Africa is the second largest continent in the world, home to 54 countries and 1.3 billion people. As a continent of developing countries, Africa has always been technologically limited and disconnected from the rest of the online world. However, in recent years this has begun to change. This is opening the door to an explosion in the iGaming and online casino industries.

Many of the world’s principal online casino operators are turning to Africa. This is because it is such a lucrative region to expand into. The idea of it as a collection of third-world nations is no longer true. And the concept that it’s mainly focused on the agricultural sector and extraction of resources is mistaken. Big players in the iGaming industry have unearthed huge economic potential. Ghana, Kenya, Nigeria, South Africa, and Uganda are all on the radar. This is thanks to the passion for online sports betting the citizens of these countries exhibit.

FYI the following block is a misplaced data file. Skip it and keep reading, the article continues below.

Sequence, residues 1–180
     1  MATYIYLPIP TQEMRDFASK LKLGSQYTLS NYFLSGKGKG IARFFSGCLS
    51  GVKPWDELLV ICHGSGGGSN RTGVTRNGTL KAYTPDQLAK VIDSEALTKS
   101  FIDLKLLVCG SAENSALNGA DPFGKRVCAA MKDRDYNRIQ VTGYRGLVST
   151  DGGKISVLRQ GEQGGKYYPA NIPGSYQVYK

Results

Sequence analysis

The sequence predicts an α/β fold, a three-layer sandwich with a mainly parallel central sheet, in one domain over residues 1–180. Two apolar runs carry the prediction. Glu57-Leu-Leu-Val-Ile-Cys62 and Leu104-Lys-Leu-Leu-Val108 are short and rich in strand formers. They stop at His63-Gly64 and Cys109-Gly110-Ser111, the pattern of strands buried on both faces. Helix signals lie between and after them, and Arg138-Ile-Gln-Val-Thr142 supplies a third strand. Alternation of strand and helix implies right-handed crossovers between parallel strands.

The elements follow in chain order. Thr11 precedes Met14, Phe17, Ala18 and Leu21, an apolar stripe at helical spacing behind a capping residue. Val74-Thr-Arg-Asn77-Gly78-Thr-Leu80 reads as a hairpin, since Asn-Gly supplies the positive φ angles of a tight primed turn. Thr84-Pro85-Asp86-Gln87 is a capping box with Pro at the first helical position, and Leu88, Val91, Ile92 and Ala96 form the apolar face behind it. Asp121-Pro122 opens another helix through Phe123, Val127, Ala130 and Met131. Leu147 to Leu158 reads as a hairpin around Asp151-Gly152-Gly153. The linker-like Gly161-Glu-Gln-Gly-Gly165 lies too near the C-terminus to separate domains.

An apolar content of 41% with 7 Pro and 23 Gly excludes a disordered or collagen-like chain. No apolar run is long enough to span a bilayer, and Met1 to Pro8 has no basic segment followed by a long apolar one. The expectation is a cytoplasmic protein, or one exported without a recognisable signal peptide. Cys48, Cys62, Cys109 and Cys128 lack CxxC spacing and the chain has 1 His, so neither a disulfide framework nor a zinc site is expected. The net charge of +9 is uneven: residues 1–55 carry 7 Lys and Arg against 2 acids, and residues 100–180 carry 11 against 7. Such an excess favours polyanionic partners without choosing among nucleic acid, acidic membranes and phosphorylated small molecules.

It looks like the African gaming sector will register a 12% CAGR between 2020 and 2025. Multi-functional gaming consoles are emerging into the market. This impacts on the rate of the video game markets growth and has an effect on the real money gaming sector.

Africa is the only global region experiencing an increase in its youth population. Estimates put the rise of people aged 24-years or younger near 50% by 2050. This statistic plays a vital role in the future of this continent as concerns real money gaming in its entirety.

Recent world events have seen the African iGaming industry reach new heights. Sports getting suspended or cancelled across the globe has left bettors high and dry. This is behind the surge in real money casino game entertainment. Something that could not even have imagined just a few short years ago.

There has been a huge increase in African online gambling entertainment site activity. This is despite financial stresses amplifying for everyone. The chance to relax and to win big are huge motivators. This has seen many more people trying casino games than ever before.